In this post, we compare the newest VRAM options available on the market: GDDR5 vs GDDR5X vs HBM vs HBM2 vs GDDR6...
GDDR5, GDDR5X, GDDR6, HBM, and HBM2 - what are all these acronyms about? If you’re as confused as any other person, you probably got lost just keeping up with all these acronyms. You’re not alone in this one, though. Video RAMs are more technical than your average computer hardware components, but they’re also very crucial to your gaming experience.
Still don’t understand what you just read? Read on below to understand what video RAM is and the differences between GDDR5, GDDR5X, GDDR6, HBM, and HBM2. By the end of this post, you’ll know how to choose which one will work best for you.
RAM and Video RAM
RAM, short for random-access memory, is a very important part of your computer whether you’re a gamer or not. Why? This is because your RAM is responsible for letting your CPU access data almost instantly. Of course, this comes with a trade-off because RAM stores data for the short term. The data that you need, when saved in RAM, may be gone the next day or when you turn off your computer.
The same concept applies to VRAM. VRAM is short for video random-access memory. It essentially does the same thing with RAM, except that it is solely for graphics like videos and images. It keeps data on texture, shadow maps, lighting information, and the like. The GDDR5, GDDR5X, GDDR6, HBM, and HBM2 are all different types of VRAM.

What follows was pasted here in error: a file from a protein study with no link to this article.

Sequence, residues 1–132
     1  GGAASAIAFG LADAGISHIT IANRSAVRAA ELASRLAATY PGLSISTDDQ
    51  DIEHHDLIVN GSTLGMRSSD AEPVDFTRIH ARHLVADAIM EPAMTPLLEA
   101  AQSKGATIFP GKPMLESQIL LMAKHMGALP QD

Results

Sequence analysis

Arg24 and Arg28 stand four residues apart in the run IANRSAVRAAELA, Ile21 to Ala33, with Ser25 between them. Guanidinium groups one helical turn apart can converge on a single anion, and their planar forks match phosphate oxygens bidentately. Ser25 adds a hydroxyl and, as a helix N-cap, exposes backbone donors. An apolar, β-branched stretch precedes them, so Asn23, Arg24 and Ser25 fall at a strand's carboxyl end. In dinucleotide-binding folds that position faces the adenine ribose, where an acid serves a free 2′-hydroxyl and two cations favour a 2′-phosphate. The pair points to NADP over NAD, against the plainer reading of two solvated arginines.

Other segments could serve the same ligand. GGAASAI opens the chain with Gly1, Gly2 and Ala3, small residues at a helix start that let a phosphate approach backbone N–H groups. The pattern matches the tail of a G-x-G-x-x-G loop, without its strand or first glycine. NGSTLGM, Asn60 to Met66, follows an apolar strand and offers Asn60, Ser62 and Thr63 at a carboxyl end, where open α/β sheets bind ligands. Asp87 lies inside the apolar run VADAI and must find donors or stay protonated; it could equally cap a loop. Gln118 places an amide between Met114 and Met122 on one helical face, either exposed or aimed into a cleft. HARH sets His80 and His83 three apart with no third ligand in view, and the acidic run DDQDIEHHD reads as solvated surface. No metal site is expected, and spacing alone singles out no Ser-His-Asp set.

GDDR5, GDDR5X, and GDDR6
If you look at the acronyms, you might get an idea that the GDDR5, GDDR5X, and GDDR6 are the same, but they are of different iterations. Guess what? You’re right about that.
GDDR started off as GDDR SDRAM which is short for Graphics Double Data Rate Synchronous Dynamic Random-Access Memory. The double data rate means that there is double the data transfer in one cycle. When you compare it to a single data transfer (SDR), you’re bound to see the results that the GDDR SDRAM offers. Being a DDR type of VRAM, the GDDR SDRAM also means that it has high bandwidth capabilities making it an ideal VRAM for your gaming needs.
GDDR SDRAM is one of the most popular types of VRAM used in the market. This mouthful abbreviation was then shortened to GDDR which is now the basis for labeling different iterations of this particular VRAM.
There are three types of GDDR that are still available today, although GDDR5 being less available than the GDDR6. So what are their differences?
GDDR5 is probably the oldest GDDR that you’ll be able to use today. It was launched in 2007 and was mass-produced in 2008. It started with a 512 MB memory and gradually increased in the 10 years that it was being used. It’s maximum memory capacity now is 8 GB. Of course, for the GDD5, this is already a big improvement. Its transfer speed is also 40-64 Gb/s.